The Burbank Police Department deploys a BearCat armored vehicle to a standoff.… (Roger Wilson, Glendale…)
It was a natural reaction after 9/11: Protect the nation at any cost. But a survey of homeland security projects by Times staff writer Kim Murphy reveals that the "any cost" rationale has resulted in unnecessary and eccentric responses to the possibility of a terrorist act. Congress should block such projects in the future.
For example, Murphy told of a grant for anti-terrorism equipment to a county in Nebraska, which received thousands of dollars for cattle nose leads, halters and electric prods — in case terrorists waged biological warfare against cows. Closer to home, Glendale got a $205,000 grant, which it used to purchase a 9-ton BearCat armored vehicle, one of more than 300 deployed across the country. (Officials feared that terrorists might target DreamWorks Animation or the Disney creative campus.) In one case in New York, the connection of a $3-million grant to counter-terrorism was a mystery even to the beneficiaries.
It is hard to evaluate the efficacy of security arrangements — think of the elaborate airport screening by the Transportation Security Administration — because no terrorist act has occurred. Supporters also can always argue that the absence of incidents proves that the system works. (We're skeptical, though, about the deterrent value of cattle prods.) But the deterrent argument is more plausible in some places than in others. That's why planners should concentrate on the "where" of security precautions rather than the "what."
The truth is that not all potential terrorist targets are equal. It's prudent to have elaborate preparations for New York, Washington and even Los Angeles (although a BearCat might not have much utility in a terrorist attack). But grants for homeland security projects in smaller cities or rural or suburban areas seem more like pork than precaution. And it's no excuse for those communities to say that the BearCats and other high-end equipment can be used for routine police functions. If Congress wants to fund local law enforcement, it knows how to do so. But it shouldn't characterize such largesse as a response to 9/11.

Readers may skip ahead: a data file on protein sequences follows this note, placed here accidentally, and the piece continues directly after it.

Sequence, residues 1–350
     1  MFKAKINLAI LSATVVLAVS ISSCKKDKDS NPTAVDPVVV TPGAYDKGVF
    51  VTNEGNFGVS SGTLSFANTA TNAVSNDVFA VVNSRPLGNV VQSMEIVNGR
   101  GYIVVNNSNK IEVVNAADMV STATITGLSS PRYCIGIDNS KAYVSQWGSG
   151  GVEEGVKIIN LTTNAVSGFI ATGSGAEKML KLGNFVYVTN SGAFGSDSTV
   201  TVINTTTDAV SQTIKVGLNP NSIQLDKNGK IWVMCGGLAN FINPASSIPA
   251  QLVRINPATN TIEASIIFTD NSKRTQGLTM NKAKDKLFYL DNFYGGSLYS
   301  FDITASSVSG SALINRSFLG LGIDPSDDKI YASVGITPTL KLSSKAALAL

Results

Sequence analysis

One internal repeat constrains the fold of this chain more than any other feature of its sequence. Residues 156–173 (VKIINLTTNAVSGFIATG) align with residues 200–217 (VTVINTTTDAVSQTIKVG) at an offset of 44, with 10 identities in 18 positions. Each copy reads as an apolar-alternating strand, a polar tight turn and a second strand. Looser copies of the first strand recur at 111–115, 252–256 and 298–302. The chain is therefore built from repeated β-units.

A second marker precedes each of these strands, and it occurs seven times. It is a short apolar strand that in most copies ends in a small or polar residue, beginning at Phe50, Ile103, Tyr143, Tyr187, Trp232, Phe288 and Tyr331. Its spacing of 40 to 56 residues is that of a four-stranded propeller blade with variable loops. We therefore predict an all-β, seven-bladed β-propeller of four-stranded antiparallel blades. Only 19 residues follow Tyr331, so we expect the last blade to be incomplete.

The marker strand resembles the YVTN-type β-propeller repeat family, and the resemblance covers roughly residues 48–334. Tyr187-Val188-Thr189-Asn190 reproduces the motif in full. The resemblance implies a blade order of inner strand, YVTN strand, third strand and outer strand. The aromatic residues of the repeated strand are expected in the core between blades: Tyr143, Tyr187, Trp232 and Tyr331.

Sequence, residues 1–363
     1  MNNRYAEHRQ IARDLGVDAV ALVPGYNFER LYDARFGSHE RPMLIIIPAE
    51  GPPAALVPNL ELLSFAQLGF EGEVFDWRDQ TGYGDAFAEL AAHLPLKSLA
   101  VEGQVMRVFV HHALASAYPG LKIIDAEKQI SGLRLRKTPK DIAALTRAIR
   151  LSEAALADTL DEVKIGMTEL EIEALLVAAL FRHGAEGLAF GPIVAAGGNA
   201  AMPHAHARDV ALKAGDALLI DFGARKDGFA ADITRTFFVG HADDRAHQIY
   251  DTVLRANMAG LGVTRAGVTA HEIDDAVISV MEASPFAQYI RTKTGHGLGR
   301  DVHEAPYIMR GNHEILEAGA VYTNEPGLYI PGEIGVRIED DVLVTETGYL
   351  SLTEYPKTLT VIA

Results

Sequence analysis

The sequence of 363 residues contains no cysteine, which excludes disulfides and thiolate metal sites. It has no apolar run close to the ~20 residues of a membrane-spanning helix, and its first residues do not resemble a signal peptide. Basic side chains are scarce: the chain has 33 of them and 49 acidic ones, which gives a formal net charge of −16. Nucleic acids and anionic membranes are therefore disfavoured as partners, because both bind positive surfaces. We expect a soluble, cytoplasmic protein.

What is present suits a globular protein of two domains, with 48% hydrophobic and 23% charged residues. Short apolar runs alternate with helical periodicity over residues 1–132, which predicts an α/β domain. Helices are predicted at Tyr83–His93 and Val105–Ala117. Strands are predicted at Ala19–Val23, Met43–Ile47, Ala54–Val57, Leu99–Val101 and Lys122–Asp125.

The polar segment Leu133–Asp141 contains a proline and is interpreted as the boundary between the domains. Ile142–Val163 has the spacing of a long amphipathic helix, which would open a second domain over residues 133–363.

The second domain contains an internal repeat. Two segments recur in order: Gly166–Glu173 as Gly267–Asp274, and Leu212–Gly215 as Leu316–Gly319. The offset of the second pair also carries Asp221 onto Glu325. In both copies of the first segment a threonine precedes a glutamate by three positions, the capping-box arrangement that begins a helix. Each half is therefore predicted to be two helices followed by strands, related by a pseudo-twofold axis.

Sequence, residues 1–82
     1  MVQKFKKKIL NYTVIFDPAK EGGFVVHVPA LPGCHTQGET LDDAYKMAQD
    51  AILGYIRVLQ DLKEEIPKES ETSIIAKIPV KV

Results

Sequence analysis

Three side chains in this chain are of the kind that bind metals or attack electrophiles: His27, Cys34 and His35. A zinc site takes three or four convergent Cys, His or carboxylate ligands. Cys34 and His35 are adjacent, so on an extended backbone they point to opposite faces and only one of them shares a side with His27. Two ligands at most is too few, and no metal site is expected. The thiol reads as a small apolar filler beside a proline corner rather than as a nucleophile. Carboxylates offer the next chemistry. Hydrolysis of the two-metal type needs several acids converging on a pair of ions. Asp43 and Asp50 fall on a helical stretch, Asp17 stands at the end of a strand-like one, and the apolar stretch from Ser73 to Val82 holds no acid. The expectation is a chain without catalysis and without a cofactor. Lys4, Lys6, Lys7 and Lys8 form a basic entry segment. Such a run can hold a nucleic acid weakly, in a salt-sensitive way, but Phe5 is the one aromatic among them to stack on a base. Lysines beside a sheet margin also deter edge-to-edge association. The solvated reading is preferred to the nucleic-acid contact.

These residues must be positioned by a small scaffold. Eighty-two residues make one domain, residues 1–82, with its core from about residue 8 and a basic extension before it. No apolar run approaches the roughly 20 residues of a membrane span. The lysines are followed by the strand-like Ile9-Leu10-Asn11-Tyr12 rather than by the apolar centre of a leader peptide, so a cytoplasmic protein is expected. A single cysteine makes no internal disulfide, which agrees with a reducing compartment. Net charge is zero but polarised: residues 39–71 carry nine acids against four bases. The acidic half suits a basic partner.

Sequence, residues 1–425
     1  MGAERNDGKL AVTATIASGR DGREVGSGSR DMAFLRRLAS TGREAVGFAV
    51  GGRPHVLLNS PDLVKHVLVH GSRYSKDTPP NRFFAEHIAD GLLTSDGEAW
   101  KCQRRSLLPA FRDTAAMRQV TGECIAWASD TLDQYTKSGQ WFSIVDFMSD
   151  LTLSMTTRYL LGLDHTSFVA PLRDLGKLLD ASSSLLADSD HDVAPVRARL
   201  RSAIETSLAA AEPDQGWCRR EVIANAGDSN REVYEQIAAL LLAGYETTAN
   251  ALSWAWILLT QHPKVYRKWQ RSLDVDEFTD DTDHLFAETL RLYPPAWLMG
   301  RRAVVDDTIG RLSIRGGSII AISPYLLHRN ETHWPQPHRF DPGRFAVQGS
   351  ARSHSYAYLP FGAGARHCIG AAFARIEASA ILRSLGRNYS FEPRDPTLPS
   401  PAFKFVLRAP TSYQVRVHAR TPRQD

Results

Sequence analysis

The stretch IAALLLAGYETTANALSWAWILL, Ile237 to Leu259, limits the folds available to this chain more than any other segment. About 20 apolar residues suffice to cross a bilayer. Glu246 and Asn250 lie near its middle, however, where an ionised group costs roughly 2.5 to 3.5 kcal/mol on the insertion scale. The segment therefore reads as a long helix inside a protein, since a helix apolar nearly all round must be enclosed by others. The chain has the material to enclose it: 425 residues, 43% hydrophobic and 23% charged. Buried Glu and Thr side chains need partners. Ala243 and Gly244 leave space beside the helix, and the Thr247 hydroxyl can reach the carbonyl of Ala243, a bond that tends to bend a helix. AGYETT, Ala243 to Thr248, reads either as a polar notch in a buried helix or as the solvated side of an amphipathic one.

With the anniversary of those attacks approaching, homeland security is the ultimate sacred cow, which explains why the federal and state governments are spending $75 billion a year on security. But Murphy's article makes a persuasive case that many of the grants to localities are unnecessary or poorly conceived. Congress and the Department of Homeland Security need to review current grant procedures and target federal funds where they are most needed.
A single terrorist incident can be devastating to large numbers of people, as 9/11 demonstrated. That doesn't mean the nation needs to be blanketed with state-of-the art equipment, some of it only tangentially related to terrorism. In homeland security, as in other areas, choices must be made.